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Home grown

Deliciously local food and drink

By Sherry Sennet

From delicatessens to fine dining establishments, more restaurants are seeking local food producers to supply their culinary needs. While foreign products may be less expensive than locally produced crops, there are many advantages to shopping and eating locally.

EVERYBODY’S STORE. The other day, I went to Everybody’s Store in Van Zandt to talk to one of the owners, Jeff Margolis, about the organic garden they have growing out back behind the shop, and to ask about other local products that he and his wife, Amy, sell in their store.

“We wrote the book!” was his response, as he proudly listed off dozens of local and organic products they keep in stock. Row upon row of interesting, colorful and handwritten labels plastered the shelves in the most enchantingly chaotic, yet organized, way. The only thing that this store has more of than variety is character. I needed coffee for home, and I knew from experience that their private label organic and locally roasted coffee was the best – rich, dark, but not bitter or over-roasted like some of the commercial brands. He also had me sample a slice of an amazing potato goat cheese that literally melts in your mouth, and a fresh and hearty piece of beef jerky he had just purchased from a small operation in Burlington. Between the meat and cheese snack, the zesty, nutrient-packed Swiss chard and collard greens I had sampled straight from the garden on my last visit, and the delicious dessert wine I had picked up a month or so ago, I had experienced a full spectrum of flavors at this 109-year old store.

Growing an organic garden, however, isn’t exactly a piece of cake – there is a reason why chemical herbicides and pesticides are still popular with farmers. But for many determined organic gardeners like Jeff and Amy, crop rotation helps reduce the need for chemicals by preventing insect and weed domination, and it reduces soil erosion and helps to maintain soil fertility. Strategic plantings at the right time of year will do a lot of the work, since different crops have different nutrient needs and provide different offerings back into the soil. And if you keep changing it up, the insects that target a certain annual crop won’t have a reason to stick around too long. Besides, it’s just one more reason to look forward to summer – corn, carrots, lettuce, cabbage, rhubarb, herbs and strawberries are all on the way.

I paid for my coffee, took my notes on their seemingly endless line of local products (including organic local eggs – the biggest I have ever seen), and departed the store not only a happy customer, but also with this comfortable feeling as if I had spent the afternoon hanging out a friend’s house. During my visit, Jeff had showed me around his store as if he had unveiled a valuable art collection and interacted with his employees as if they were his family. I even had a chance to give Mamasita, the resident cat-in-charge, some love. I don’t get that kind of experience in large stores with crowded aisles and fluorescent lighting. And, in buying the coffee, I wasn’t just exercising my right to stay caffeinated – I was also supporting a local retailer and the producer of the coffee.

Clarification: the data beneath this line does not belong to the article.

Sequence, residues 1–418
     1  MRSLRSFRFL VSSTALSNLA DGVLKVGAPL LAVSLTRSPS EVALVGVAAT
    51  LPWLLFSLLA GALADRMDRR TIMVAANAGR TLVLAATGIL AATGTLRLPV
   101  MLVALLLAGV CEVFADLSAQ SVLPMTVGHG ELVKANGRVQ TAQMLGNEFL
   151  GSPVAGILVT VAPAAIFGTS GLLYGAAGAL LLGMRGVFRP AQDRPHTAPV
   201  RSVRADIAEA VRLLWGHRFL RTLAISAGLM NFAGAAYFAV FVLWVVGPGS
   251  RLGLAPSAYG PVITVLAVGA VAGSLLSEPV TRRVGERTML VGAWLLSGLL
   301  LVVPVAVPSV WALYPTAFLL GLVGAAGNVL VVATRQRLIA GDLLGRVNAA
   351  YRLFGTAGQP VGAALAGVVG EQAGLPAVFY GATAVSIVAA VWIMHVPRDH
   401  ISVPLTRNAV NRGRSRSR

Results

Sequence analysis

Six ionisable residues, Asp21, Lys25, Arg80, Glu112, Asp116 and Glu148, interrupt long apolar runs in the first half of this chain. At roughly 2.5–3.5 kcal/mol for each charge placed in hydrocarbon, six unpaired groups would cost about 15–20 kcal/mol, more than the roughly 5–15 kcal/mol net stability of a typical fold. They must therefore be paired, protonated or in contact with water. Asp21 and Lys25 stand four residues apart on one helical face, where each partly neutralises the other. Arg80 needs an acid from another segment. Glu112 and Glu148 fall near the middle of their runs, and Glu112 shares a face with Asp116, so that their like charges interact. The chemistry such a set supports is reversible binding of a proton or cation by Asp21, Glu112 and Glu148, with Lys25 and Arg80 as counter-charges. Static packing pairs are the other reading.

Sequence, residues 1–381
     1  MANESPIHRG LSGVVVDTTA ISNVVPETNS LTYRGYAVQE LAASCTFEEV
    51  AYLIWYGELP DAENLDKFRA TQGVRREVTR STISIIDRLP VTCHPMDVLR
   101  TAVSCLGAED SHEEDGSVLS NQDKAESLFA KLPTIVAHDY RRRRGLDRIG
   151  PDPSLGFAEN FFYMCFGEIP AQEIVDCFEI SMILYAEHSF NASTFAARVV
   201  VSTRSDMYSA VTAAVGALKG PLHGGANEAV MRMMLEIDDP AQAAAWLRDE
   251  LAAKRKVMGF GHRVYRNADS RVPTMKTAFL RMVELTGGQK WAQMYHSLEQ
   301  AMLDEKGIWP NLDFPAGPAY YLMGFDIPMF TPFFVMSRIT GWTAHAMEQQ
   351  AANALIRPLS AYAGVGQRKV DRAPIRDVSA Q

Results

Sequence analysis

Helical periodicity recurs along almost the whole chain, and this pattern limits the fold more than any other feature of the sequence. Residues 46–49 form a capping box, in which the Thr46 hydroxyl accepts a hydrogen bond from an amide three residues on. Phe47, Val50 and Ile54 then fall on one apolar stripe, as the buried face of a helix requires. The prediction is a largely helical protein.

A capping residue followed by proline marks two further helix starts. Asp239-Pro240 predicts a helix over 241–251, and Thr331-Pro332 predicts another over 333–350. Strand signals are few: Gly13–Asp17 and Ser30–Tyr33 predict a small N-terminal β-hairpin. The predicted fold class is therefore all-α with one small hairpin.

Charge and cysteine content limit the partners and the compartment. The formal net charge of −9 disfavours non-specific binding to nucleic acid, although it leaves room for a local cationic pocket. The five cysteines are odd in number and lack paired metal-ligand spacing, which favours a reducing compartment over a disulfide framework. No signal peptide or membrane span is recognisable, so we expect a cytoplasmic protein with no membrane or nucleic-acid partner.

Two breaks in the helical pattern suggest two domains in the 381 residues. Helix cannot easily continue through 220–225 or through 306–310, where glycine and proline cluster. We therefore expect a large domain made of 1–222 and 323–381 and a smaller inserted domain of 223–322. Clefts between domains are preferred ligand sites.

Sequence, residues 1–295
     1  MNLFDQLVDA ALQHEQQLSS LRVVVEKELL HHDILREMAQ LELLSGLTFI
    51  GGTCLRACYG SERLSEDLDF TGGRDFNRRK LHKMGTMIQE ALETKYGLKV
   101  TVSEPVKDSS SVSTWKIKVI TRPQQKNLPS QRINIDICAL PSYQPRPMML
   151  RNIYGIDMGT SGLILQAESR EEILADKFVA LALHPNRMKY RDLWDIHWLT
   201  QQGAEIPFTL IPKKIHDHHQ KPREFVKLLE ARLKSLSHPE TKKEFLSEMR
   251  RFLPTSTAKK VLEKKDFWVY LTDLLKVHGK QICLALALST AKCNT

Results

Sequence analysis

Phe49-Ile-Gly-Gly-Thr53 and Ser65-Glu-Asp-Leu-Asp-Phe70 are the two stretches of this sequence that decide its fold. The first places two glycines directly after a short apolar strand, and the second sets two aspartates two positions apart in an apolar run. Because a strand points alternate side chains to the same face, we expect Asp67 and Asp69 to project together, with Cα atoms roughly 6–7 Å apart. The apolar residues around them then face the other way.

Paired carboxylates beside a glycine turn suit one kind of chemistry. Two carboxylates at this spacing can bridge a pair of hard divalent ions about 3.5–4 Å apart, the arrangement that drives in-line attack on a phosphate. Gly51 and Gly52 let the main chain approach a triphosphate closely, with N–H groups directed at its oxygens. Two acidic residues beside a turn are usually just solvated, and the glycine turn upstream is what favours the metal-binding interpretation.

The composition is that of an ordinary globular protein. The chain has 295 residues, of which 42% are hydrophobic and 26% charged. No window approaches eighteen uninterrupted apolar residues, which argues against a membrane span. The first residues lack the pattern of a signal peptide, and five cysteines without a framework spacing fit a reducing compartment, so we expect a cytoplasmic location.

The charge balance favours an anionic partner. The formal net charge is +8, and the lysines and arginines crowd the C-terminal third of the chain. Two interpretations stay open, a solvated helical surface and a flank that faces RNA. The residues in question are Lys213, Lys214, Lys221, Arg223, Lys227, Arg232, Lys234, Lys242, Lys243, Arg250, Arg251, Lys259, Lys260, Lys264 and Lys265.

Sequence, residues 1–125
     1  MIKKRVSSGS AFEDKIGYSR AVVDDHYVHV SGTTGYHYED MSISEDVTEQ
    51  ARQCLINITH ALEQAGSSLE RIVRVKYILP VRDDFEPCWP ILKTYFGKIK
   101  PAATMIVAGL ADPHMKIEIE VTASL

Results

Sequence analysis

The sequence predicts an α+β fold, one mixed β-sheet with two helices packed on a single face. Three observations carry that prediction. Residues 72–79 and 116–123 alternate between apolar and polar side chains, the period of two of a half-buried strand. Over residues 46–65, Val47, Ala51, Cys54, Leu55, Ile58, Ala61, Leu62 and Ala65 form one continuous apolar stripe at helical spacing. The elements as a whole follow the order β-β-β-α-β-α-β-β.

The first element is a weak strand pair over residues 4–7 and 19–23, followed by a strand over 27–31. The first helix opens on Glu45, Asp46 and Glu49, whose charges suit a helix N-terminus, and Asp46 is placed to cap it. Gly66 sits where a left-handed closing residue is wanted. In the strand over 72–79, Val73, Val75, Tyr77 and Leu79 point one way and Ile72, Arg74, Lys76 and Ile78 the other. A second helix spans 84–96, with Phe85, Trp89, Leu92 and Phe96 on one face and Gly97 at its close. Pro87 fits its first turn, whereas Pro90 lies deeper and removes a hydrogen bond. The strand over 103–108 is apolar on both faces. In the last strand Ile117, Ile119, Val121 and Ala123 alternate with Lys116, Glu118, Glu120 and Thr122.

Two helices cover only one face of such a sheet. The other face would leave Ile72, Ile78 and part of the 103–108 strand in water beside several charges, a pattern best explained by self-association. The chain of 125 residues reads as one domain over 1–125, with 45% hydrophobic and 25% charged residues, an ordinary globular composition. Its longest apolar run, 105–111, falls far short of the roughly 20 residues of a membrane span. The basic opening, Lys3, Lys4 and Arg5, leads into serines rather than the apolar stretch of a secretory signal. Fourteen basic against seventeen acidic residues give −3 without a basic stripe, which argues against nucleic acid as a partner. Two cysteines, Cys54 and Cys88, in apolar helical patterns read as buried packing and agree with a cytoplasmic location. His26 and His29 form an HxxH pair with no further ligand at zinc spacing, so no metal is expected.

My favorite part about consumer awareness is the ripple effect, which means that if the retailer and producer also buy local, they are helping to keep fed at least six more families in our neighborhoods, and it keeps on going down the line! And these aren’t handouts or social benefits, this is Joe the working man buying from his neighbor Jack the farmer – with no corporate middleman taking a cut. We are supporting each other by just buying the things we need anyway. Seems strange that this is how our country used to be in my grandparents’ day. Maybe I’m just being a little nostalgic since my ancestors, and their farm in Birch Bay, are no longer around. Or maybe there is more to this whole local thing.

MT. BAKER VINEYARDS. I had been meaning to stop in the Mt. Bakery Vineyards in Deming for a tasting for months, and now was a perfectly good time to pay them a visit. Beautiful and fragrant plum blossoms gracefully framed their roadside sign just off Route 542. The tasting room was just as I had pictured it – rustic and casual but with a nice touch of elegance as the warm afternoon light reflected the tranquility of the sleepy vineyard into their shop. Cellar master and vineyard manager Trent Peterson came out to meet me, and I asked if there were any eco-friendly methods that they had adapted for their grape production. Trent’s response was, “We do everything here organically, and we are a salmon-friendly vineyard.” Because of the nearby streams and rivers, their water table is just two feet below the surface, so irrigation is not even an issue. They use fermented cacti and seaweed products to fertilize their vines. These products feed micro-organisms down in the soil, which helps increase nutrient uptake into the vines.